|Publication number||US3305994 A|
|Publication date||Feb 28, 1967|
|Filing date||Apr 20, 1964|
|Priority date||Apr 20, 1964|
|Publication number||US 3305994 A, US 3305994A, US-A-3305994, US3305994 A, US3305994A|
|Inventors||Arthur Amrhein John, James Weiler Thomas|
|Original Assignee||Inland Steel Products Company|
|Export Citation||BiBTeX, EndNote, RefMan|
|Patent Citations (10), Referenced by (8), Classifications (9)|
|External Links: USPTO, USPTO Assignment, Espacenet|
Feb. 28, 3967 J. A. AMRHEIN ETAL 3,395,994
FASTENER FOR WALL PANELS Filed April 20, 1964 4 Sheets-Sheet 1 Q/lzveza 07, :1
' fiwr/wy 1%? J. A. AMRHEIN ETAL 3 FASTENER FOR WALL PANELS Filed April 20, 1964 4 Sheets-Sheet 2 Feb. 28, 1967 J H I ETAL 3,305,994
FASTENER FOR WALL PANELS Filed April 20, 1964 4 Sheets-Shet s 7 9 m. M MM affw/vz Feb. 28, E967 Filed April 20, 1964 J. A. AMRHEIN ETAL 3,305,994
FASTENER FOR WALL PANELS 4 Sheets-Sheet 4 United States Patent 3,305,994 FASTENER FOR WALL PANELS John Arthur Amrhein and Thomas James Weiler, Whitefish Bay, Wis., assignors to Inland Steel Products Company, Milwaukee, Wis., a corporation of Delaware Filed Apr. 20, 1964, Ser. No. 360,991 8 Claims. (Cl. 52-489) This invention relates to building structures. More particularly, this invention is concerned with novel structures for covering surfaces, such as walls and roofs, with rigid sheet material panels.
It is quite common in many building structures to cover various surfaces including walls, roofs and ceilings with panels made of thin sheet material, such as of sheet metal, plastic or Fiberglas. Although such panels can be applied to many surfaces, it is quite common to use them to cover surfaces of a skeletal nature, such as are made of wood or metal framing.
Although many techniques have been employed previously to fasten such building panels to structural surfaces, they have not been entirely satisfactory because most often fastening means are required which detract from the aesthetic appearance of the panels. In those cases where rivets, bolts or similar fastening means are employed, it is often necessary to perforate the panels in order to effect the desired fastening. Furthermore, once the fastening has been achieved, there is also the rather obvious appearance of the heads or riveted extremities that meet the eyes.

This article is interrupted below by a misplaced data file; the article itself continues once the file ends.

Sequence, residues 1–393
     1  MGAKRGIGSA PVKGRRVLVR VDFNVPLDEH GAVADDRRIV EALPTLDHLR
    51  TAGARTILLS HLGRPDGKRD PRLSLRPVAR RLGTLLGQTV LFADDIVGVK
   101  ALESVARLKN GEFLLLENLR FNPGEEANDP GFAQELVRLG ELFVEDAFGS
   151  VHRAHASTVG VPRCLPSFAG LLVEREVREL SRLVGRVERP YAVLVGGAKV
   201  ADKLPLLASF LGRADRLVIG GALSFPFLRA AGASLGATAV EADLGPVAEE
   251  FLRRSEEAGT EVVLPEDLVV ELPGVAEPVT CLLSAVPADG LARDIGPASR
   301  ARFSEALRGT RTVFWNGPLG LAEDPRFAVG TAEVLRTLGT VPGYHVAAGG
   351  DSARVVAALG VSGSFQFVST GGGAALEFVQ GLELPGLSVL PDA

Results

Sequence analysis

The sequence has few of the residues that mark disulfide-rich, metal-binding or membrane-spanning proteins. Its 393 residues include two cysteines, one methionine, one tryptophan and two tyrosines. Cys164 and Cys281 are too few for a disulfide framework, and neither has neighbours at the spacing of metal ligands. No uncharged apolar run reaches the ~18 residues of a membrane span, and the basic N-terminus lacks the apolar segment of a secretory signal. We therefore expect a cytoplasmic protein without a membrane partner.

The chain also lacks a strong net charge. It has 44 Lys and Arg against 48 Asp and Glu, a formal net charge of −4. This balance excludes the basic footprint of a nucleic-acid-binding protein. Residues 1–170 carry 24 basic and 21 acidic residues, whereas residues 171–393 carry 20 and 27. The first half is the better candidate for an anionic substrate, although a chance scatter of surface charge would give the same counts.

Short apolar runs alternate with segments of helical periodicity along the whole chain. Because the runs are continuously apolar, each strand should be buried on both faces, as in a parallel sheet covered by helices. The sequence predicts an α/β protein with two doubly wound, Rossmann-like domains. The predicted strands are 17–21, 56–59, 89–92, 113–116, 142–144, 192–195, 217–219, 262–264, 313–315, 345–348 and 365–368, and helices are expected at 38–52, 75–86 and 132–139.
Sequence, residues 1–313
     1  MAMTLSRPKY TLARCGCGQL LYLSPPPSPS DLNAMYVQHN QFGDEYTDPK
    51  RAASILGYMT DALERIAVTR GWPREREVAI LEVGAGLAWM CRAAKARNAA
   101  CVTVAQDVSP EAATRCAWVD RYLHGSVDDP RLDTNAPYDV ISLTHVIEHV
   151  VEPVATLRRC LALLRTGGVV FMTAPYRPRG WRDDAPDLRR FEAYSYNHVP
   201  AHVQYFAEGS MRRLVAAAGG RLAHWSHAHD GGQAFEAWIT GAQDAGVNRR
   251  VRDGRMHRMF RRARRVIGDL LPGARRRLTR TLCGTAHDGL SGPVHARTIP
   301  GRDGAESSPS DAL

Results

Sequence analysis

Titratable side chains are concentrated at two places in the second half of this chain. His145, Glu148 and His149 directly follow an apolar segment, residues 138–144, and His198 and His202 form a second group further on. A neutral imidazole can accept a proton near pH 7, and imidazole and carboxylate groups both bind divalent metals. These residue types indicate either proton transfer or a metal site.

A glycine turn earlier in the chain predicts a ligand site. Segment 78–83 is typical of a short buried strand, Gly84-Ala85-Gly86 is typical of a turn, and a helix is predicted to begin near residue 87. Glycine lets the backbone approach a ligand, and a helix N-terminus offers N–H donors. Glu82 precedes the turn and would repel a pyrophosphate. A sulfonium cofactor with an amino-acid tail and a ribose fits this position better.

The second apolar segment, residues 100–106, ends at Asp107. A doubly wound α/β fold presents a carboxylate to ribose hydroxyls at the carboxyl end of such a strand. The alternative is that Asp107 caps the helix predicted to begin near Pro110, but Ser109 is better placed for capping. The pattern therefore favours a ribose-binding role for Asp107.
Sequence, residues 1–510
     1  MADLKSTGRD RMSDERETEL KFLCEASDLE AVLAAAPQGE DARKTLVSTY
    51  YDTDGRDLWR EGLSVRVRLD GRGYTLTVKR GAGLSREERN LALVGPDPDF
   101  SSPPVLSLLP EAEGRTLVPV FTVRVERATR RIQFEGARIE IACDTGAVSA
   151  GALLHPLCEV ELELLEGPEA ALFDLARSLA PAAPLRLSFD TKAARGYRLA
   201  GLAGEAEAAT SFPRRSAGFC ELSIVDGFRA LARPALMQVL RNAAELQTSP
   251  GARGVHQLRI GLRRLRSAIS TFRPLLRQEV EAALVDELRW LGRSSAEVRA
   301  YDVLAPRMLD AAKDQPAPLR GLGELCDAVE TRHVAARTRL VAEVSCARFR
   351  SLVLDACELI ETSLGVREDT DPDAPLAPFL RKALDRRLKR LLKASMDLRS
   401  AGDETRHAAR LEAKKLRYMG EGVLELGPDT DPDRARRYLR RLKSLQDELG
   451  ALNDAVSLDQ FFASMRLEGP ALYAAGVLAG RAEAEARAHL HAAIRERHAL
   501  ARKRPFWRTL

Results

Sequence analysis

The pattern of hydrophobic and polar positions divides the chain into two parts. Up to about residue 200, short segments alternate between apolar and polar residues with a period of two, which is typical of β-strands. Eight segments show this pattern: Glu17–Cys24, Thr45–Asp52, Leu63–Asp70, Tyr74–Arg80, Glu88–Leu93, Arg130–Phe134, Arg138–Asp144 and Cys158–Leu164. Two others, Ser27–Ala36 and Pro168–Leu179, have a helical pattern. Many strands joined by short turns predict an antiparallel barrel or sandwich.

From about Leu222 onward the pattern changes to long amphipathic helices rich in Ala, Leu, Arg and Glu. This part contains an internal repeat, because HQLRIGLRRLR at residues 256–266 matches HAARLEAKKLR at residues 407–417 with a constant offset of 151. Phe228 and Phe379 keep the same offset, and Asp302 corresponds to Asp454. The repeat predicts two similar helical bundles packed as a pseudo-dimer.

Various other techniques besides riveting and bolting have been applied, such as button forming and clinching of the panels together and to the structural framework, but these techniques also involve deformation of the panels and do not lead to coverings which are entirely satisfactory as far as appearance is concerned and which also are applied only with considerable effort, and are time-consuming and expensive techniques.
In view of the prior art deficiencies in applying sheet material panels to structural surfaces, there has been provided by this invention novel fastening means, as well as panel joints produced using such fastening means to fasten the panels to a surface structure. The invention broadly comprises the utilization of a fastening clip which is afiixed or secured to the building framework or structure and which then secures together two overlapping edges of adjacent panels in substantially fixed relationship to each other and the structure surface such as a wall, ceiling or roof.
The invention will now be described more fully with reference to the attached drawings in which:
FIGURE 1 is a perspective view of a wall partially cutaway, showing a representative composite wall structure employing sheet material covering panels and the novel fastening clip provided herewith for producing the novel joints of this invention;
FIGURE 2 is a perspective view of one embodiment of the fastening clip provided herewith;
FIGURE 3 is a perspective view of a second embodiment of the fastening clip;
FIGURE 4 is a horizontal sectional view through a paneled wall structure showing the joint formed with one type of fastening clip;
FIGURE 5 is a horizontal sectional view through a paneled wall structure of a joint in which another embodiment of fastening clip is employed;
FIGURE 6 is a perspective view of the clip embodiment of FIGURE 2 showing it can be sprung;
FIGURE 7 is a perspective view of the clip of FIGURE 3 showing how it can be sprung;
FIGURE 8 is a vertical sectional view along the line 8-8 of FIGURE 4;
FIGURE 9 is a vertical sectional view along the line 9-9 of FIGURE 5;
FIGURE 10 is an isometric view showing a partial joint produced using a clip having a single U-shaped hooked end for use therein;
FIGURE 11 is a sectional end view of the structure of FIGURE 10;
FIGURE 12 is an isometric view showing a partially completed joint using a fastening clip having a single U-shaped hooked end; and
FIGURE 13 is a sectional view in elevation at the line 1313 of FIGURE 12.
In the drawings the same identifying numbers are used for identical elements appearing in different views for purposes of simplicity.